DYKSTRA: Yeah, the study was published in the current issue of the Journal of the Federation of American Societies for Experimental Biology – there’s a title that could stand to lose a little weight. It compared rats breathing clean air to rats breathing Beijing quality air, and in only 19 days, the dirty-air rats were 15% heavier, with enlarged lungs and livers, higher cholesterol and triglycerides, and their insulin resistance level was higher – that’s a precursor to rat diabetes.

CURWOOD: What did they say about diet?

DYKSTRA: Well, the researchers acknowledge that diet and exercise are still the main drivers of weight gain, but you know, you can change your eating habits, but not your breathing habits.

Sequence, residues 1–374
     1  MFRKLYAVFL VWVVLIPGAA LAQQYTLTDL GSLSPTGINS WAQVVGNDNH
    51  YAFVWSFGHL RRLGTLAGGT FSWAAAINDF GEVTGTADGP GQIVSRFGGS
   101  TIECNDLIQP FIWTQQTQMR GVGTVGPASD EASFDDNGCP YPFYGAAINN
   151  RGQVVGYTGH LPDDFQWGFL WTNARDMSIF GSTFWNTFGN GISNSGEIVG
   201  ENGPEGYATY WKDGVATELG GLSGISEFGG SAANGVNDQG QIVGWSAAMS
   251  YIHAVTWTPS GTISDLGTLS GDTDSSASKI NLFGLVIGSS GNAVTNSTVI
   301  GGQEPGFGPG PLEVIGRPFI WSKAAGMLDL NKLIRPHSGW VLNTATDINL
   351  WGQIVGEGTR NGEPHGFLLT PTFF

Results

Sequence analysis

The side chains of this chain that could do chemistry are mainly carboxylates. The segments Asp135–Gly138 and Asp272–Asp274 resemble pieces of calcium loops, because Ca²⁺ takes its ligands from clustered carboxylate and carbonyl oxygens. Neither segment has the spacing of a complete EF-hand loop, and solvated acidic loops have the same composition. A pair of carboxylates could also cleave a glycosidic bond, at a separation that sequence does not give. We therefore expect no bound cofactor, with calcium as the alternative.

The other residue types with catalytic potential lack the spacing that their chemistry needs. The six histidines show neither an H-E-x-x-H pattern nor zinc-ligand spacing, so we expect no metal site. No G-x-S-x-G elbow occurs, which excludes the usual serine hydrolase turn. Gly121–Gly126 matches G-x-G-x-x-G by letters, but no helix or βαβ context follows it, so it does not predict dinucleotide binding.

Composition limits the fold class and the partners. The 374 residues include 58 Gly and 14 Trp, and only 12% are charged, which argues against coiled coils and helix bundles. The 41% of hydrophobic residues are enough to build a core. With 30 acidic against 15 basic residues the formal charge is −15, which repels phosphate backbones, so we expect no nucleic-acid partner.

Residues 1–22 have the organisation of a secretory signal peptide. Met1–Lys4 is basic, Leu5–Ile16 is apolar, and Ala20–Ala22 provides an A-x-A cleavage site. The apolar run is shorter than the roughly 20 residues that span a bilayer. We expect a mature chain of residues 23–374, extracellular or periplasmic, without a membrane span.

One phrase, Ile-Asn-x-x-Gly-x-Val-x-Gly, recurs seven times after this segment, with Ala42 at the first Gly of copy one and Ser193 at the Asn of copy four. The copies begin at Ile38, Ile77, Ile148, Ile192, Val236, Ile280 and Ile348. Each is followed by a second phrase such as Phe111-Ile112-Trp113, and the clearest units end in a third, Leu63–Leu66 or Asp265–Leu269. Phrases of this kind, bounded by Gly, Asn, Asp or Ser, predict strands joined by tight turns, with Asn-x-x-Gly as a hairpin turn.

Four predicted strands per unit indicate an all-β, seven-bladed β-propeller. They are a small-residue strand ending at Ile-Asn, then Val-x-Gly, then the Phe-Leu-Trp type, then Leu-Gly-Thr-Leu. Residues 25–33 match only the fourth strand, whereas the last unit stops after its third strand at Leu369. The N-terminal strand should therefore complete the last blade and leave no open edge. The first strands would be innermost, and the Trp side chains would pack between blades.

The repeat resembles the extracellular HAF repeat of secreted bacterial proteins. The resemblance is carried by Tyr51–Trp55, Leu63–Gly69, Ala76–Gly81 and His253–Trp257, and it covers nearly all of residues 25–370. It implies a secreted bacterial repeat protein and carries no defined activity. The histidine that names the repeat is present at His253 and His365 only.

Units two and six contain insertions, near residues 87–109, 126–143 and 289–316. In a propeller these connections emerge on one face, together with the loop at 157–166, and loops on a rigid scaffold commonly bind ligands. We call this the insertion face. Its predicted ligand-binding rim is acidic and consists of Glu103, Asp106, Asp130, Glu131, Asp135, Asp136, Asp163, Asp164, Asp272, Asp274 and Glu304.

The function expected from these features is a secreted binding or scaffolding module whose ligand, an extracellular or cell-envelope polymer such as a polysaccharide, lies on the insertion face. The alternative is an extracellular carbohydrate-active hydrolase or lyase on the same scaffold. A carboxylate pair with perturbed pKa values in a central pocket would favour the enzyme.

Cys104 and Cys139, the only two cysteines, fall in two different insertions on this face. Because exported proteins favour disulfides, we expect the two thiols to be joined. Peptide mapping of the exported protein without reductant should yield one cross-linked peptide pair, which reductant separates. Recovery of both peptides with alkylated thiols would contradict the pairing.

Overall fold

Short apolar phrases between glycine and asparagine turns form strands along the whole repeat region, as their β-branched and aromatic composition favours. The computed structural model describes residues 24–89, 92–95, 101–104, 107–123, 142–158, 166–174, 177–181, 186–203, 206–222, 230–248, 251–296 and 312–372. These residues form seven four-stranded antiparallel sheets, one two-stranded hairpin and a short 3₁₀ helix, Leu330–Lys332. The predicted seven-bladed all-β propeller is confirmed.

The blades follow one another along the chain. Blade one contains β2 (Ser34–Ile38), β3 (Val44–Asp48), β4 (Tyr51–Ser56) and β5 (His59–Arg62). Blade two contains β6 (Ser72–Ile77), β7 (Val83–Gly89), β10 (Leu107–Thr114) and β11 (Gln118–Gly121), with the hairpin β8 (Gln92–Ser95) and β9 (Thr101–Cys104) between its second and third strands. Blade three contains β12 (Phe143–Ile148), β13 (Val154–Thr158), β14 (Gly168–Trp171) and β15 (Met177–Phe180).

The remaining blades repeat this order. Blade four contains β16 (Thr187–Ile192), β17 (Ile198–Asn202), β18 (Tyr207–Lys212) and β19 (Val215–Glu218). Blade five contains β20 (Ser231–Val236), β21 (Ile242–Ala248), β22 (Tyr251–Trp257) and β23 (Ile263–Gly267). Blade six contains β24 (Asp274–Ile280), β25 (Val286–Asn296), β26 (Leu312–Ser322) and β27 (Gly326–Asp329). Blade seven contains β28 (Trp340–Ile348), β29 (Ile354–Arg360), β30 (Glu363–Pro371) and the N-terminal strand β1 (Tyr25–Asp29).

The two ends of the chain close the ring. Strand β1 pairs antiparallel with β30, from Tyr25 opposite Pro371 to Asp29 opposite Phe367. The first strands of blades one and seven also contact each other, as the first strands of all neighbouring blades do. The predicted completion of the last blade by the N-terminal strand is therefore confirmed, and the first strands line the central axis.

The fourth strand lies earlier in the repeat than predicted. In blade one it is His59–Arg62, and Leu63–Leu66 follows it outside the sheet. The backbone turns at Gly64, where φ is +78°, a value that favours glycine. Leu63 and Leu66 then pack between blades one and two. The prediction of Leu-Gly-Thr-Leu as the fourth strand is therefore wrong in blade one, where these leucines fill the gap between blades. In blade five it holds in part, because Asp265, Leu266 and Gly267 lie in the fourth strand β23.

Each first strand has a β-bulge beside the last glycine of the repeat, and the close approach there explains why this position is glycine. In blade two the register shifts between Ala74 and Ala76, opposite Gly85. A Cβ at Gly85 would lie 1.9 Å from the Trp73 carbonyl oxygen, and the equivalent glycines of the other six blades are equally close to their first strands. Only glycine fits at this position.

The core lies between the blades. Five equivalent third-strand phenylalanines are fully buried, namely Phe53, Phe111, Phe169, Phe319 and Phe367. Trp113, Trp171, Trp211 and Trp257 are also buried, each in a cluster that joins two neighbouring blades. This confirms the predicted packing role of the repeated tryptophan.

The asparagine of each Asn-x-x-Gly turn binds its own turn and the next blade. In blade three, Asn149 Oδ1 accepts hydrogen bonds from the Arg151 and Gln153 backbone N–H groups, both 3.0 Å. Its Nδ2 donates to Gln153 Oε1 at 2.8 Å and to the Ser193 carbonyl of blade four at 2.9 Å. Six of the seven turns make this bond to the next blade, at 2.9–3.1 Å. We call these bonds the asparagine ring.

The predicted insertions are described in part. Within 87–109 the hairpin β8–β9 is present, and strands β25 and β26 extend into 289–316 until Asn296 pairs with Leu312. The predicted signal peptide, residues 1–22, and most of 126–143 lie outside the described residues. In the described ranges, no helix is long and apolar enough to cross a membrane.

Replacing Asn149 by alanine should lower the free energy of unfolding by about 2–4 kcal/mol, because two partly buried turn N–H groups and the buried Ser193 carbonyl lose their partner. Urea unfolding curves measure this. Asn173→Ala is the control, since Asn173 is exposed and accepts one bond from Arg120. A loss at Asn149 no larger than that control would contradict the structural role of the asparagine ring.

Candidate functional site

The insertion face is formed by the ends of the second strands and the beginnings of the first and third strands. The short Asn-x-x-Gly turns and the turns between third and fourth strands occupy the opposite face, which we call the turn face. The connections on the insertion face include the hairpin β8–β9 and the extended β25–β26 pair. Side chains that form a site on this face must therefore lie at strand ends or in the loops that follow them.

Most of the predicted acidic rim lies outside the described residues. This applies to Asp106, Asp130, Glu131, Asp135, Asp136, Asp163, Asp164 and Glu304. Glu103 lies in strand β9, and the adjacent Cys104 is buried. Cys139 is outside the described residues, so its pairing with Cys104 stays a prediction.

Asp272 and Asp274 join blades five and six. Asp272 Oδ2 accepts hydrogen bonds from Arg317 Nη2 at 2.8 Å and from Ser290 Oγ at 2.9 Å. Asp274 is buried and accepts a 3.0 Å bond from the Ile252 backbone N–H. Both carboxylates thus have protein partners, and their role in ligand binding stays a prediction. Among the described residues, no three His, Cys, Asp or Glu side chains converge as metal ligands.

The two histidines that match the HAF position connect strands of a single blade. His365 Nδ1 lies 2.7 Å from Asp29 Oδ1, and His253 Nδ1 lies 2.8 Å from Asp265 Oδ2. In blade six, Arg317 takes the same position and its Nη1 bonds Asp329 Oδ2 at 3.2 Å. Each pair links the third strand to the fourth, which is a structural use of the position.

CURWOOD: Indeed. Hey, what’s next?

DYKSTRA: I’ve got a story from PRI member station, KQED, in the San Francisco bay area. This year’s Dungeness crab season was ruined by high levels of domoic acid in the crabs.


Sooty Shearwaters off of California’s Monterey County coast. (Photo: J. Maughn, Flickr CC BY-NC 2.0)

CURWOOD: What’s that?

DYKSTRA: Well, it’s a neurotoxin that’s produced by plankton and it can work its way up the food chain, as it did back in a case in 1961. There were hundreds of seabirds called Sooty Shearwaters, that after gorging on toxin-filled anchovies, dive-bombed the small coastal town of Capitola, California in the middle of the night, ramming into windows cars & buildings. And the next morning, they were shoveling birds off the street.